Rebeca Vandeventer’s three young children weren’t in court Tuesday to watch her killer get a 35-year prison sentence.
But the court still heard from her oldest son about the things he saw 15 months ago when his mother was stabbed 30 times, beaten and choked inside their Richland home.
Just 8 at the time, the boy told police he was on his bed watching a Disney movie when Lawrence A. Miller started attacking his mom in another room.
The couple had broken up but had continued to share the Dos Palos Court apartment. Miller was mad that Vandeventer was dating another man and wouldn’t stop seeing him.
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“I heard a slamming and my mom screaming. She said, ‘Why you took my phone?’” the boy told Richland Detective Athena Clark two hours after the Sept. 11, 2013, murder. The first two minutes of the interview were played Tuesday at the Benton County Superior Court sentencing.
“(Miller) said if you don’t forget about him in a week I will kill you. And then he was holding her mouth and then like slammed her down the stairs and got a butter knife,” the boy said. “And then I saw blood on the stairs under my bedroom, and then I saw her dead. That’s it.”
Miller left the apartment and called his adoptive mother, who told him to turn himself in and looked up directions to the Richland Police Department. Miller called 911 using a telephone inside the station’s lobby and told the dispatcher he’d just attacked a woman and he didn’t know if she was still alive.
On Tuesday, Miller cried a few times as he expressed his “most sincere and deepest apologies” for the “terrible tragedy,” and wished he “could take back this truly selfish act of violence.” He said that it’s because of his “ill-conceived and misguided actions” that Vandeventer’s three sons and family are left to grieve.
“No amount of sorrow can bring a person back to life,” Miller said.
Miller pleaded guilty to second-degree murder on Oct. 16, which also was his 36th birthday.
Judge Vic VanderSchoor said the two aggravating factors in the case — aggravated domestic violence and that the crime has affected the children’s future — justified a sentence well above the standard range.
Miller’s attorneys, Alexandria Sheridan and Scott Johnson requested a prison term within that range of 10 years and three months to 18 years and four months.
Prosecutor Andy Miller argued for 40 years because of the “very unique and very sad facts of this case.” He noted how he has been to many crime scenes and autopsies to know that all homicides are horrible in their own way, but added that this one will haunt him long after he retires.
“I will say that the murder of Rebeca is different than any other case I’ve seen (with) the brutal, almost torture-like nature of the injuries,” Andy Miller said. He showed VanderSchoor three pictures of Vandeventer’s wounds made with a 4- to 6-inch knife to highlight how some were just gratuitous violence and inflicted as a result of rage.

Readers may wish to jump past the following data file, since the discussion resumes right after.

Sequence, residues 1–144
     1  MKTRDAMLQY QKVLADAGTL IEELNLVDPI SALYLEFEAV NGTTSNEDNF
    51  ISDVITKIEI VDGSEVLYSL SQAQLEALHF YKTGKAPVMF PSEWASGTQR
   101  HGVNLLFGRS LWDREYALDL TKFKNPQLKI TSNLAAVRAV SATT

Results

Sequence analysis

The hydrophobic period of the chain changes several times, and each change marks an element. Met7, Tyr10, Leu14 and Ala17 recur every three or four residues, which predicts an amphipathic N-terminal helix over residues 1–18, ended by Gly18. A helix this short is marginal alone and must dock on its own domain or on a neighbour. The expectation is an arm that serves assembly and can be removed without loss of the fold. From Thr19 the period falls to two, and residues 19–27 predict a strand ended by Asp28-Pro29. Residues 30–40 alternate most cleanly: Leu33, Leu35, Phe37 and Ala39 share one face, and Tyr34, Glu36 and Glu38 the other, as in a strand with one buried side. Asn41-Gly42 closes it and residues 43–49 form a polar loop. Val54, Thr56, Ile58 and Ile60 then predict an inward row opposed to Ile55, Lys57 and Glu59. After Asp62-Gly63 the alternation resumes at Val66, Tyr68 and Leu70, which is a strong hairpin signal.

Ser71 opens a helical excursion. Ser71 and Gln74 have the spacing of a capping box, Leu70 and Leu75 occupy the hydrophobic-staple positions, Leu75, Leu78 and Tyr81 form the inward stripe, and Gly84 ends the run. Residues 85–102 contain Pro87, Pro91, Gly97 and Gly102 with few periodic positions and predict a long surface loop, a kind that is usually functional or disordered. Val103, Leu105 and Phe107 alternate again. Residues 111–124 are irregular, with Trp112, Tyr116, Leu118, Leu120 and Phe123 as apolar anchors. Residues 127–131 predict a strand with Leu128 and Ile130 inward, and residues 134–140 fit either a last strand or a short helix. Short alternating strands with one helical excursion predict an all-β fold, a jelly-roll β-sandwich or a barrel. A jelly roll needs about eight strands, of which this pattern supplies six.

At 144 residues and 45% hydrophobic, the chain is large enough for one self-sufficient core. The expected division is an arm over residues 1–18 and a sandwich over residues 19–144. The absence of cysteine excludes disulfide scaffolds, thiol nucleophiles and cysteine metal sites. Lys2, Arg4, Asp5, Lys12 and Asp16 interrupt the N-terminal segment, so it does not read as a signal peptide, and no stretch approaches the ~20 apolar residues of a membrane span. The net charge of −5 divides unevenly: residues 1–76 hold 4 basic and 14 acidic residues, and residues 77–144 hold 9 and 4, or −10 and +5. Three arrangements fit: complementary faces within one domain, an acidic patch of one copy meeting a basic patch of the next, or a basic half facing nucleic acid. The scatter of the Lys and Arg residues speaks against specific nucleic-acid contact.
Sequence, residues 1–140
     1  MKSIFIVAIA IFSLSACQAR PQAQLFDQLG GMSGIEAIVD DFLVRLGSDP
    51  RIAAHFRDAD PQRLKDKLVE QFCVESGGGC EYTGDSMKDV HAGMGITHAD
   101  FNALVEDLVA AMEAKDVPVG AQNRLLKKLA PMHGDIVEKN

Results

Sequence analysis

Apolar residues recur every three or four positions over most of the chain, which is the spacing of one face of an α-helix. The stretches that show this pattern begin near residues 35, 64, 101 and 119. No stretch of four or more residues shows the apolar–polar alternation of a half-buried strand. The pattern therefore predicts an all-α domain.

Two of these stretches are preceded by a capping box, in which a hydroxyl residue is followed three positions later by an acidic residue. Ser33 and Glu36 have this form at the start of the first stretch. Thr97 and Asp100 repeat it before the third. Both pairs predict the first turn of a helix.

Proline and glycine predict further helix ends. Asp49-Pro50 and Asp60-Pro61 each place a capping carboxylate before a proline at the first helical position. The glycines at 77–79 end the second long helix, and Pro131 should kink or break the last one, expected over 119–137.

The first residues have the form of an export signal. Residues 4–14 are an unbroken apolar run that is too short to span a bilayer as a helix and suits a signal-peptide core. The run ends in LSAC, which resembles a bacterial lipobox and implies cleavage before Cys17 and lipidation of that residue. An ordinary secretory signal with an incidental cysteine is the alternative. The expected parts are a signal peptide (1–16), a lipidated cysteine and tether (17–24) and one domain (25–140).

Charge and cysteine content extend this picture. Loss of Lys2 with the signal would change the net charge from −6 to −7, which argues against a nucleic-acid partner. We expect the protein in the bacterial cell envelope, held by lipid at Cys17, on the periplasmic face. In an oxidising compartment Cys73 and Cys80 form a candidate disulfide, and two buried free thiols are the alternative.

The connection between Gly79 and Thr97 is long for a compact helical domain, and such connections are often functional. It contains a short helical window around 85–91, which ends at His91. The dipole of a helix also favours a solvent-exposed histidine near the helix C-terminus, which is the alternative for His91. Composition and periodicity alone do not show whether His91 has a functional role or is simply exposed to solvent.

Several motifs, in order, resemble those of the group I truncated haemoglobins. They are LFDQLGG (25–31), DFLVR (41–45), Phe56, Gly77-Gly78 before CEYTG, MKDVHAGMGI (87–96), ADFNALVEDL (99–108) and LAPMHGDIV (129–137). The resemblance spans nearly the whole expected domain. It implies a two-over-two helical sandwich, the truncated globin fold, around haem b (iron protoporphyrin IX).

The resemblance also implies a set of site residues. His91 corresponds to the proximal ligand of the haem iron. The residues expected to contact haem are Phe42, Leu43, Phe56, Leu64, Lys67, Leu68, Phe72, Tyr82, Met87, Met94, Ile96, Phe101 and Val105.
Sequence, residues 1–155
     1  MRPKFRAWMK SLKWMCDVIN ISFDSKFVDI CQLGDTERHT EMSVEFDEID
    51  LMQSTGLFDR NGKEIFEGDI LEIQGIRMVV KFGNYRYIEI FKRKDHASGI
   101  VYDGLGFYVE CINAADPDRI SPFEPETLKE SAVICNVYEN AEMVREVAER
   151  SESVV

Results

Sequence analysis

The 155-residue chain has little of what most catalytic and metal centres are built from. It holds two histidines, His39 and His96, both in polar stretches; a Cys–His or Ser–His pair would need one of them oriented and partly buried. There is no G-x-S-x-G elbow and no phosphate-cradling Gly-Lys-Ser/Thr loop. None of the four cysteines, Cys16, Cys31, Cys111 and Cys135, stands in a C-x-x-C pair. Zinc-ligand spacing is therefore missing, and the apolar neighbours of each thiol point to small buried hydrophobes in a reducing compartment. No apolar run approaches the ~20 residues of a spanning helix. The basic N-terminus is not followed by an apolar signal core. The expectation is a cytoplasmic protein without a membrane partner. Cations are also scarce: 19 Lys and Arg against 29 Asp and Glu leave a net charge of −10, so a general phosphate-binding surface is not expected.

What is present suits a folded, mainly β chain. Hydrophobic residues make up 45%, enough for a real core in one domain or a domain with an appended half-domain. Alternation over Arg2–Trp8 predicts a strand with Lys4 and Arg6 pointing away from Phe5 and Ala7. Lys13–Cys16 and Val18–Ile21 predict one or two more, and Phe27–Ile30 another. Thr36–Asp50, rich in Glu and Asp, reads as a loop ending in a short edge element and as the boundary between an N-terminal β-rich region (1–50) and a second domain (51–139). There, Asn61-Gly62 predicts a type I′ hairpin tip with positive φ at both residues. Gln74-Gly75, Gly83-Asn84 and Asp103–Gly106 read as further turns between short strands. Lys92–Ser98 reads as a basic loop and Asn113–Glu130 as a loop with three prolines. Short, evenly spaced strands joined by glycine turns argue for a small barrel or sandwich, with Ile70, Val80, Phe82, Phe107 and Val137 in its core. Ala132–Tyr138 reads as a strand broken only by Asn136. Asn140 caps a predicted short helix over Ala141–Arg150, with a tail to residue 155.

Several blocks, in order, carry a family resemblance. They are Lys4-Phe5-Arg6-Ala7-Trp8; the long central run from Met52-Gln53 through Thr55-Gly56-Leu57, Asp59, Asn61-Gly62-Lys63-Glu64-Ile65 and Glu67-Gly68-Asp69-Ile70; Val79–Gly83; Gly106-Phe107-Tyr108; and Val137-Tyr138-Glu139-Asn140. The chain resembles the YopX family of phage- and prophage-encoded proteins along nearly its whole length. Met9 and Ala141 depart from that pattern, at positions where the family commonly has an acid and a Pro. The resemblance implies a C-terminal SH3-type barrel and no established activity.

Vandeventer, 32, may have died when the kitchen knife went through her heart once, a forensic pathologist has testified. She also was found with a piece of clothing stuffed in her mouth, which blocked her airway and caused her to choke.
The prosecutor said the most important aspect of the case is the effect on Vandeventer’s boys, who Lawrence Miller referred to as his own sons during his statement.
The oldest brother reportedly gathered the 2- and 4-year-old siblings in his bedroom and they prayed for their mother while she was being attacked by Miller. When the screaming stopped, they went downstairs to get help but could not open the front door because their mother’s body was blocking it. The kids left through a back sliding door and ran to a neighbor, who took care of them until police arrived.
The children now are being raised by their maternal grandparents, Silvamara and Guilherme Baer.
Kate Baer told the court Tuesday that her sister-in-law suffered so much that night, and now her loved ones are left to suffer with intolerable grief.
“Beca is gone and this family will never be the same. Not a day goes by (we don’t) think about that night and how terrified she must have been for those children,” Baer said. “We miss her every day and we don’t understand.”
Baer said all of the boys have nightmares, but the two older ones are stronger after going to counseling every week for a year. She shared a heartbreaking story from last Thanksgiving when the oldest “asked quietly if there will be blood” as the family prepared to carve the turkey. The youngest turned 4 on Tuesday.
Vandeventer’s aunt, Silvana Dice, choked back tears while talking about how the world got smaller the night her niece was killed. She spoke for her sister and Vandeventer’s mother, Silvamara Baer, whose only daughter would have celebrated her 34th birthday on Dec. 23.
Miller had no prior criminal history. However, his lawyers pointed out his emotionally and physically abusive childhood and said when a child isn’t protected from the world by their parents, they have a tendency toward violence and criminal activity as an adult.
“He reacted without thinking because that is what he was taught as a child,” Sheridan said. She said her client has wanted to take responsibility from the beginning and pleaded guilty before trial because he “wanted more than anything to protect those boys.”
Andy Miller argued that the defendant talks about the violence he allegedly had as a young kid, yet he inflicted the same or even greater trauma on Vandeventer’s three boys.
“The fact is a lot of people have difficult childhoods and they don’t end up committing the horrific, horrific crimes that Lawrence Miller committed in this case,” he said.